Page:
This is where the other Amazon is coming through and it appears to be coming through in relation to its pure digital delivery business and not its physical retailing business. Amazon famously had a dispute with Macmillan over eBook pricing (which it lost) and now over Hachette. It has other battles with Disney and other movie studios. In these cases, Amazon has taken its negotiations out of closed rooms and into its business — specifically, it has decided to harm rather than delight the customer in the process. With Hachette, Amazon slowed delivery times and also has stopped pre-orders of books. Both of these harm customers. Customers like to pre-order so that they don’t have to remember to buy a book later. There are also allegations that Amazon has stopped promoting Hachette books. But remember, promotion — while it may help publishers — if done right, it should help readers. After all, the reason why ‘other people bought’ works so well is that readers actually find better stuff that way.
Now, of course, Amazon will argue that this is all part of a long-term strategy to help consumers. But it sure doesn’t look that way — or at least not obviously so. Amazon we are told has enabled self-publishing to really work but at the same time it gives self-published authors a confusing array of options with big incentives to ‘go exclusive’ through Amazon. Why does it have to do that when it has so many consumers? The primary reason one can imagine is that they are trying to ‘lock in’ authors and then consumers. The point being, in the future, consumers won’t have a level playing field choice between Amazon and others but will be biased towards Amazon because of such ‘lock in’ combined with network effects that accompany them. This is already impacting on tablet readers. Amazon’s tablet apps are inferior to many others and reflect very little in the way of innovation. But consumer are locked-in to them because of past behaviour and DRM (which is also the publisher’s fault!) and also because of exclusivity. (Not convinced, try buying the best selling Piketty’s Capital on iBooks).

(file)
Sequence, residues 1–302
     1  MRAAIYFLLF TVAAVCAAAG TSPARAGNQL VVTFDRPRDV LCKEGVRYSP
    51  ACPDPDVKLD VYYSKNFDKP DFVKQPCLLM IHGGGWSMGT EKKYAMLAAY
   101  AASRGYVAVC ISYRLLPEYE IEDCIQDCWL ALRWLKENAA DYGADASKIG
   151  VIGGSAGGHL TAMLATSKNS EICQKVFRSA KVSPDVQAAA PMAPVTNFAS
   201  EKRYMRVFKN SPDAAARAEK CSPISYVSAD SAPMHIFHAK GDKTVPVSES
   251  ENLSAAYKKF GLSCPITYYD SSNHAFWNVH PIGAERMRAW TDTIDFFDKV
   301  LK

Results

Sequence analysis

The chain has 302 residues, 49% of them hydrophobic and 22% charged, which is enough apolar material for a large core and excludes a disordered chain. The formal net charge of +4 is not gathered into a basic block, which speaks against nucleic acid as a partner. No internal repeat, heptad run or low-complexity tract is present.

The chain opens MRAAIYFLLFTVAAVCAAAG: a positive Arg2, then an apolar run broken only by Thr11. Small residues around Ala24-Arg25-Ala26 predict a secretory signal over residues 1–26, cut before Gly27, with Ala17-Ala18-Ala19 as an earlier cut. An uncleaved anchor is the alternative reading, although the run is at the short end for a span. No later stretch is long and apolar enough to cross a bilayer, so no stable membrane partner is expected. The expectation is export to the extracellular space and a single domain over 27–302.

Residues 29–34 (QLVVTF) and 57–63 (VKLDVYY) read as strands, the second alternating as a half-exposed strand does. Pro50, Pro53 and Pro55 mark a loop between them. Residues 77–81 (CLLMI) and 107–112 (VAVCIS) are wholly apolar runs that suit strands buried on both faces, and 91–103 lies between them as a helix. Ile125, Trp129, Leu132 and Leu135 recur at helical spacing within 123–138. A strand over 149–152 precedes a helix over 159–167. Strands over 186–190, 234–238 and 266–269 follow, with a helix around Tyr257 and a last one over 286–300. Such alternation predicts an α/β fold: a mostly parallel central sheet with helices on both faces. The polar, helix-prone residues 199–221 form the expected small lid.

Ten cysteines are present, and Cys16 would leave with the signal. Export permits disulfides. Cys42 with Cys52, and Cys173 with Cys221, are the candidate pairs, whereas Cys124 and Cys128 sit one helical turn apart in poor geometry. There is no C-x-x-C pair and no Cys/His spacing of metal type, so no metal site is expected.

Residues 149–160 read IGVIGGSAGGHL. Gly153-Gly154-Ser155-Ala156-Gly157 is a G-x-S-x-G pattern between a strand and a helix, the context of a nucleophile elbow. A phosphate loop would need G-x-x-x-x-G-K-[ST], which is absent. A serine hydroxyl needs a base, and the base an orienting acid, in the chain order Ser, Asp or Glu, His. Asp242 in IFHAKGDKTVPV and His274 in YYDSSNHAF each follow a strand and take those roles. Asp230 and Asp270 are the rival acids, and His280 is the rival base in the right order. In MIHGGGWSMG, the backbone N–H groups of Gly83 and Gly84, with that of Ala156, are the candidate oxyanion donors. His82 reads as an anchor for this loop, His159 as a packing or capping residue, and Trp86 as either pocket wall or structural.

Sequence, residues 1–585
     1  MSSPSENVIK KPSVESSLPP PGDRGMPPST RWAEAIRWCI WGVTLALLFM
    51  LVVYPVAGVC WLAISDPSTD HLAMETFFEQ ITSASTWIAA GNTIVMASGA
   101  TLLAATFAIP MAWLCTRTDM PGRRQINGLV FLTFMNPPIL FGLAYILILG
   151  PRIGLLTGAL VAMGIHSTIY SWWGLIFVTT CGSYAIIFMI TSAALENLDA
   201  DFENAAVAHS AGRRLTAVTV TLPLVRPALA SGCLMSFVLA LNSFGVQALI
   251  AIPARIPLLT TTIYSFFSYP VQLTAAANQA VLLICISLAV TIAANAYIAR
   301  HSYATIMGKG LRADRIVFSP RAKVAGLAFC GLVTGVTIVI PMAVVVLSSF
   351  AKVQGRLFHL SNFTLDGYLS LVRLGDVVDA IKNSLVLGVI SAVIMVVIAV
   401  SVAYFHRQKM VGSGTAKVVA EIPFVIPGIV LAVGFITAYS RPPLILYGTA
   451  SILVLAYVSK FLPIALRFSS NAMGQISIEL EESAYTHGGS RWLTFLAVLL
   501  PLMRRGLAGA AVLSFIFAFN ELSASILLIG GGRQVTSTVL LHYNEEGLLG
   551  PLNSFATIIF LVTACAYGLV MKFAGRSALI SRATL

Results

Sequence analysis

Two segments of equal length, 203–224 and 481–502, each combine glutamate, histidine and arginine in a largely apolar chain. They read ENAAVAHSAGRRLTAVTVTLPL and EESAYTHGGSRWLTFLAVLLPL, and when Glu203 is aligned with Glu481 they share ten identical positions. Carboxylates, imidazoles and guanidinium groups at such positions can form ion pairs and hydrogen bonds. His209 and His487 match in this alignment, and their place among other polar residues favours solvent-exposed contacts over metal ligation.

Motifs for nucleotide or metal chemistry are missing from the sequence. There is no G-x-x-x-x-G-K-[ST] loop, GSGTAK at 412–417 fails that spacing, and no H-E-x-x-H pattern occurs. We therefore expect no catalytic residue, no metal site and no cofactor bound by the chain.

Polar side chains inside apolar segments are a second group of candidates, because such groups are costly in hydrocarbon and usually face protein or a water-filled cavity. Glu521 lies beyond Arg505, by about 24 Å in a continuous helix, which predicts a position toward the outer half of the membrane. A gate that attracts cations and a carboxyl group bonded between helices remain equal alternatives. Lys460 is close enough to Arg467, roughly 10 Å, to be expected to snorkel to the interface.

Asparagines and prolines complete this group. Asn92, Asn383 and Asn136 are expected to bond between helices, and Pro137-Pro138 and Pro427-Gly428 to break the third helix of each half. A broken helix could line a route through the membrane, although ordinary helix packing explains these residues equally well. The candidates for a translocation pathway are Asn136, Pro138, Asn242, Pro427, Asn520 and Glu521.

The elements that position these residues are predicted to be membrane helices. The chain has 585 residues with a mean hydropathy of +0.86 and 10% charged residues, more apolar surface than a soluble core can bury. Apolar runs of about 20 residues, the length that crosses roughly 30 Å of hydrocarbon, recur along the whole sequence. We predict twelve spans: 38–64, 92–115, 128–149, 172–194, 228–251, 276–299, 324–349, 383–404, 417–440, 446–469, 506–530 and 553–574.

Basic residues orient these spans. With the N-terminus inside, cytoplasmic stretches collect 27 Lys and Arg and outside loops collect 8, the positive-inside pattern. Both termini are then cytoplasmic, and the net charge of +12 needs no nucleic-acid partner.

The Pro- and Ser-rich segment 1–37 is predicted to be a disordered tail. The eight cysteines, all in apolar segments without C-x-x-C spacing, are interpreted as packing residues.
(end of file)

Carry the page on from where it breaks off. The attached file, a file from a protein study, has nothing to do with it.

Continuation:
The issue comes not from Amazon’s goal to pursue low prices or its stated goal to incentivise authors. It comes from their tactics. If the Kindle or digital business is not going to be disruptive but instead architectural, why have tactics that harm the disruptive position of the physical goods business? And if the concern is that Hachette isn’t serving the consumer, then provide a better publishing house for those authors to lure them away. Yes, in the short-term, consumers pay higher prices but in the longer-term, the problem — the publishers who don’t see the future — can be competed away.
4 Replies to “The Two Amazons: The Disruptor and the Architect”
And you’ve touched on or hinted what may be Bezos’ real motivation and strategy – control, power, and the elimination of inefficient competition to use a phrase common to J.P. Morgan and the Guilded Age trust builders.
Amazon is not a bookseller or a purveyor of customer goods. At heart Amazon is becoming a logistics trust that sits at the intersection of much of our general commerce. Amazon is the old railroad trust, the steel trust, a logical culmination of Morgan’s thinking of interconnected control.
How has Amazon harmed me by pushing Hachette to offer the same ebook pricing pattern as other publishers? Sure, I might have to click over to another website to get one of their books sooner, but I liked Amazon’s ebook prices. I resent it when I feel ebook prices are too high. For now, I just buy the book as a hardcover from another purveyor, or I get it from the library. Every time a medium goes digital and cuts production costs, the content suppliers (not the creators) sees it as an opportunity for a profit grab. As a customer, I appreciate Amazon not playing ball.
CostCo does the same thing. There are all sorts of products they don’t stock, because they can’t get the prices they want.
Interesting analysis, but I’d respectfully dissent on one point: against Macmillan Amazon lost merely a battle, not the war (see antitrust decisions on both sides of the Atlantic).